Table 1 Summary of the infiltration of inflammatory cells and erosion in all groups (n = 6).
Experimental groupNeutrophil infiltration1
Pathology
0123No erosionErosionUlcer
Control6---6--
IMN-33--24
IMN + Cur42--42-
Figure 1
Figure 1 Hematoxylin-eosin stained stomach sections (× 200). A: The control group showed normal stomach histopathology; B: The indomethacin treated group showed gastric ulcer formation and infiltration of inflammatory cells; C: The curcumin treated group showed a reduced degree of gastric ulcer formation and inflammation.
Interaction between leukocytes and endothelial cells

After gastric injury was induced by the administration of indomethacin, leukocyte adherence to endothelial cells of postcapillary venules (15-30 μm in diameter) was observed under intravital fluorescence microscopy, 10-15 min after acridine orange injection (Figure 2). The number of leukocytes adhering to postcapillary venules for 30 s or longer was counted. The mean number of leukocyte adherences in the IMN group without curcumin treatment was significantly higher than in the control group (6.40 ± 2.30 cells/frame vs 1.20 ± 0.83 cells/frame, P = 0.001).

Figure 2
Figure 2 Intravital microscopic (× 40) images of leukocyte adherence on vascular endothelium of postcapillary venules 10-15 min after acridine orange injection in the control group (A), IMN group (B), and IMN + Cur group (C). IMN: Indomethacin.

The number of leukocyte adherences significantly decreased after pretreatment with curcumin as compared to the IMN group (3.00 ± 0.81 cells/frame vs 6.40 ± 2.30 cells/frame, P = 0.027).

Changes in ICAM-1 levels

The levels of ICAM-1 increased significantly in the indomethacin treated group compared with the control group (1106.50 ± 504.22 pg/mL vs 336.93 ± 224.82 pg/mL, P = 0.011). Pretreatment with curcumin markedly decreased the elevation of the ICAM-1 level compared with the indomethacin treated group (413.66 ± 147.74 pg/mL vs 1106.50 ± 504.22 pg/mL, P = 0.019) (Figure 3).

Figure 3
Figure 3 Serum intercellular adhesion molecule-1 levels in all groups. All data are expressed as mean ± SD. The mean intercellular adhesion molecule (ICAM)-1 levels were significantly higher in the indomethacin treated group (IMN) when compared with the control group (aP < 0.05). Pretreatment with curcumin significantly decreased ICAM-1 level when compared with indomethacin (cP < 0.05). IMN: Indomethacin.

Changes in TNF-αlevels

The level of TNF-α markedly increased in the indomethacin treated group compared with the control group (230.92 ± 114.47 pg/mL vs 47.13 ± 65.59 pg/mL, P = 0.009). Pretreatment with curcumin decreased the elevation of TNF-α levels compared with the indomethacin treated group (58.27 ± 67.74 pg/mL vs 230.92 ± 114.47 pg/mL, P = 0.013) (Figure 4).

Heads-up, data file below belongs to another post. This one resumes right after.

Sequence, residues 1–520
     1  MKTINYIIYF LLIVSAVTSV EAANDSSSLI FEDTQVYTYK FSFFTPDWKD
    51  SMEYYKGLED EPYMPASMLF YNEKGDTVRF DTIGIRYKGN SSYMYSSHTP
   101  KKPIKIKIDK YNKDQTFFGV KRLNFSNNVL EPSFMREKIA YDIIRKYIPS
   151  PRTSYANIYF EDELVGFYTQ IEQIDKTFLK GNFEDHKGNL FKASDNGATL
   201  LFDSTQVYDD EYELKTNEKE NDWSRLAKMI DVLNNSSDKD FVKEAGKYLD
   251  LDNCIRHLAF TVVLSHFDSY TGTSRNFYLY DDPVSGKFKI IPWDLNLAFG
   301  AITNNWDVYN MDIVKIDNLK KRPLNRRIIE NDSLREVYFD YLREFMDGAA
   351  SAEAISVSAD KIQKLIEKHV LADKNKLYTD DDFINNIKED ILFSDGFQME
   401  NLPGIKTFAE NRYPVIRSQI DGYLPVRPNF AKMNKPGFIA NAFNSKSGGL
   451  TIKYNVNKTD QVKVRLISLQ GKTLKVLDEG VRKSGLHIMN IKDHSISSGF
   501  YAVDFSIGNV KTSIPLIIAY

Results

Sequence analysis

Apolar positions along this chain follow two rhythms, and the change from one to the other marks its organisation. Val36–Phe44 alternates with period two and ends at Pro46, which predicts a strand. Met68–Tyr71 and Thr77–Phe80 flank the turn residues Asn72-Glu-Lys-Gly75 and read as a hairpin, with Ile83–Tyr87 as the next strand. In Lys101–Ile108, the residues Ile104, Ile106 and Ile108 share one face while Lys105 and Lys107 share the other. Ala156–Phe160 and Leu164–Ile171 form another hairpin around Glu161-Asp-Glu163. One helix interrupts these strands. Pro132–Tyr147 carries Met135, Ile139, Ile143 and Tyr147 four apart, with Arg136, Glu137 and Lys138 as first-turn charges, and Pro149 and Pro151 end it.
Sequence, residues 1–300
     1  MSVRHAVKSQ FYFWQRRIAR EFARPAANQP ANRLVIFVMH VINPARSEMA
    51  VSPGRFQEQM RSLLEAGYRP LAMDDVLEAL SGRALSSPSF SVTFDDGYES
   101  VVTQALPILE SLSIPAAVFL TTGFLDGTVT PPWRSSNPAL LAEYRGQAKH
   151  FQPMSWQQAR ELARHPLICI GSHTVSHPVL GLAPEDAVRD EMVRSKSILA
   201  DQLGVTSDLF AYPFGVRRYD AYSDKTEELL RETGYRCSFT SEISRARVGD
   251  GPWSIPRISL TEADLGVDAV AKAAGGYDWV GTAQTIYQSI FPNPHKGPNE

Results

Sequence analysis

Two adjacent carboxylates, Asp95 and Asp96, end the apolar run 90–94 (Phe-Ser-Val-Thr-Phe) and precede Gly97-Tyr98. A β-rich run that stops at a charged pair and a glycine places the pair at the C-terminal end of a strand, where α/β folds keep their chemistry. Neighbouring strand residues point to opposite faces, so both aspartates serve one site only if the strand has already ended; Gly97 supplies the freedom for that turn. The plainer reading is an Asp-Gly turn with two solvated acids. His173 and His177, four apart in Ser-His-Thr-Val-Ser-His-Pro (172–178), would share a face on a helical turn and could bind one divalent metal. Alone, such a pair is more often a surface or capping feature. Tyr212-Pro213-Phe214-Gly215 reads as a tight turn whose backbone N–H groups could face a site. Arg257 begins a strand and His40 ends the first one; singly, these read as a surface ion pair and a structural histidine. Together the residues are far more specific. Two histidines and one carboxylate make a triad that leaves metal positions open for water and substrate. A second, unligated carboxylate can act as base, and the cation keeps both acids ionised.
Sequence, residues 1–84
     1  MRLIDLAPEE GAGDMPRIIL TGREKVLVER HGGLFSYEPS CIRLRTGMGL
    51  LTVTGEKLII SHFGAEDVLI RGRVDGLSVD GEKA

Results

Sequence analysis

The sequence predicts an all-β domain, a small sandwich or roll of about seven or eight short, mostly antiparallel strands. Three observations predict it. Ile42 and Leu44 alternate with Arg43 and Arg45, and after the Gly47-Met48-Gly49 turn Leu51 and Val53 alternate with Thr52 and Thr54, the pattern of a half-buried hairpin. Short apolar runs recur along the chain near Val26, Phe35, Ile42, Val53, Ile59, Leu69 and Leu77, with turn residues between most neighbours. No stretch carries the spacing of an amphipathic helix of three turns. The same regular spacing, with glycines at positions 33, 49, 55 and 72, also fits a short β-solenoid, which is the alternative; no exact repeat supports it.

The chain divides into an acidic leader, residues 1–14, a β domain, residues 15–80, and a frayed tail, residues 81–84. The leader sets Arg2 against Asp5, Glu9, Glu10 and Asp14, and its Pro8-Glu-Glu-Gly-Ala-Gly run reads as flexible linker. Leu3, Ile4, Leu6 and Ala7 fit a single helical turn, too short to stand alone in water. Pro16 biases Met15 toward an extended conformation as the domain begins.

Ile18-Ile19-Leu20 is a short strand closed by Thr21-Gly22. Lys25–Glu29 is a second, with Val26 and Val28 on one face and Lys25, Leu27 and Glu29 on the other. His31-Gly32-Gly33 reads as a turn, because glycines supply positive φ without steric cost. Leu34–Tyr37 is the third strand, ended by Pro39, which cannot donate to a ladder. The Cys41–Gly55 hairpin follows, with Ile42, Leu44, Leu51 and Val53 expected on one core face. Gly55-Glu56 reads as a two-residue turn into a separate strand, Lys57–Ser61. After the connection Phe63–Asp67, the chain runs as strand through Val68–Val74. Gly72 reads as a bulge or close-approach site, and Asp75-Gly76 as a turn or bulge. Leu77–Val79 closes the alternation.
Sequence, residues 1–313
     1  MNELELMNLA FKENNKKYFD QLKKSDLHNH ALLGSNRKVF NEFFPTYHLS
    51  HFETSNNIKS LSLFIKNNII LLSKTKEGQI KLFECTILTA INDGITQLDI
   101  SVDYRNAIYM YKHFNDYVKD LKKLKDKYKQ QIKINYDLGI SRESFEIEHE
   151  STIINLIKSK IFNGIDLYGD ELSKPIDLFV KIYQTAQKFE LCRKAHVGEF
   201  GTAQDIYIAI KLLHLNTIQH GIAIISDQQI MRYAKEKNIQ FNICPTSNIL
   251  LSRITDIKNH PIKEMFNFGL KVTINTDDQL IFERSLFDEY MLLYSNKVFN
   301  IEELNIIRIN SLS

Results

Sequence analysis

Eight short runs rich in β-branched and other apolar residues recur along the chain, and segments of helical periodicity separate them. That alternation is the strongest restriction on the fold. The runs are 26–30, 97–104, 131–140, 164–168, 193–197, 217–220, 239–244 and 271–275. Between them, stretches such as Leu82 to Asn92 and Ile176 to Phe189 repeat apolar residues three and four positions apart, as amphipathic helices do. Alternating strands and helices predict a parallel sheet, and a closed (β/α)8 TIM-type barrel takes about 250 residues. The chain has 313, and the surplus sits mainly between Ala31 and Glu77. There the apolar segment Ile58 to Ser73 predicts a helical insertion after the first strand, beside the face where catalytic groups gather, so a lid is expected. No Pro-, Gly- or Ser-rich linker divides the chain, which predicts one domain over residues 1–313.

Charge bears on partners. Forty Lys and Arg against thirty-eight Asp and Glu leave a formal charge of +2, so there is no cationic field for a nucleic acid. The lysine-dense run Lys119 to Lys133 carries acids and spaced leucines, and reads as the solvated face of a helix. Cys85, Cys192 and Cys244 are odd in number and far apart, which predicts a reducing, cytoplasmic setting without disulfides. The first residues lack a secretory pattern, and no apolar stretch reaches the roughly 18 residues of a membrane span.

Figure 4
Figure 4 Serum tumor necrosis factor-alpha level in all groups. All data are expressed as mean ± SD. The mean of tumor necrosis factor (TNF)-α levels increased in the indomethacin treated group when compared with the control group (aP = 0.009). Pretreatment with curcumin decreased serum of TNF-α when compared with indomethacin alone (bP = 0.013). IMN: Indomethacin.
DISCUSSION

In the present study, we investigated the effects of curcumin on indomethacin-induced gastric damage in rats. The results clearly demonstrated that curcumin administration prevented the ulcerogenic effect of indomethacin, possibly through its anti-inflammatory action. Evidence suggests that NSAIDs-induced gastric ulceration is a neutrophil-dependent process. NSAIDs administration to rats caused a rapid and significant increase in adhesion between neutrophils and vascular endothelial cells in both the gastric and mesenteric venules[11,12]. Indeed, monoclonal antibodies that blocked NSAID-induced neutrophil adherence to vascular endothelium could significantly alleviate NSAID- induced gastric mucosal injury[7,15,22]. Neutrophils play an important role in the development of inflammation and tissue injury by releasing a variety of inflammatory mediators[23,24]. These inflammatory mediators are capable of producing tissue injury; therefore, they may be involved in the pathogenesis of indomethacin-induced gastric mucosal injury[25]. Furthermore, adhesion molecules expressed on activated neutrophils, such as CD11b and CD18, have been shown to play an important role in neutrophil-induced tissue injury[14].

Moreover, NSAIDS are believed to have the effect on nuclear translocation of nuclear factor (NF)-κB, which modulates the expression of several adhesions molecules, including ICAM-1[26]. ICAM-1, one of the major adhesion molecules, plays a pivotal role in the inflammatory reaction by increasing leukocyte adhesion to endothelium and promoting transendothelial migration of leukocytes to inflammatory sites[27]. Another important mechanism that induces ICAM-1 expression is the increment of TNF-α levels[27,28]. The inhibitory effect of NSAIDs on COX-2 leads reduced prostaglandin E2 (PGE2) levels. Thus, TNF-α production, which is normally inhibited by PGE2, increases[28]. TNF-α is an important mediator causing NSAIDs induced gastropathy. Apart from its effect on adhesion molecules, TNF-α may have the ability to activate pro-apoptosis caspases, which regulate gastric epithelial cells apoptosis in NSAID-treated rats[27].

A previous study demonstrated that indomethacin administration caused significantly elevated TNF-α levels in rats[8]. Moreover, pretreatment with anti- TNF-α, dexamethasone, and PGE2 could prevent the increases in gastric mucosal injuries and TNF-α levels. Similarly, we found significant rises in TNF-α and ICAM-1 levels in the serum of the indomethacin-treated group compared to the control. Other formulations of NSAIDs could also increase TNF- α production. A study by Jainu et al[29] noted a significant increase in TNF-α, IL-1β and NOS-2 activity in aspirin-administered rats. The elevations of inflammatory mediators and adhesion molecules in serum correlated with the pathological findings of gastric mucosa and the numbers of adhered leukocytes in the gastric microcirculation. These were also true for curcumin-treated group. Pretreatment with curcumin could significantly reduce TNF-α and ICAM-1 levels in the serum, accompanied by an improvement in gastric mucosal inflammation and leukocyte adhesion.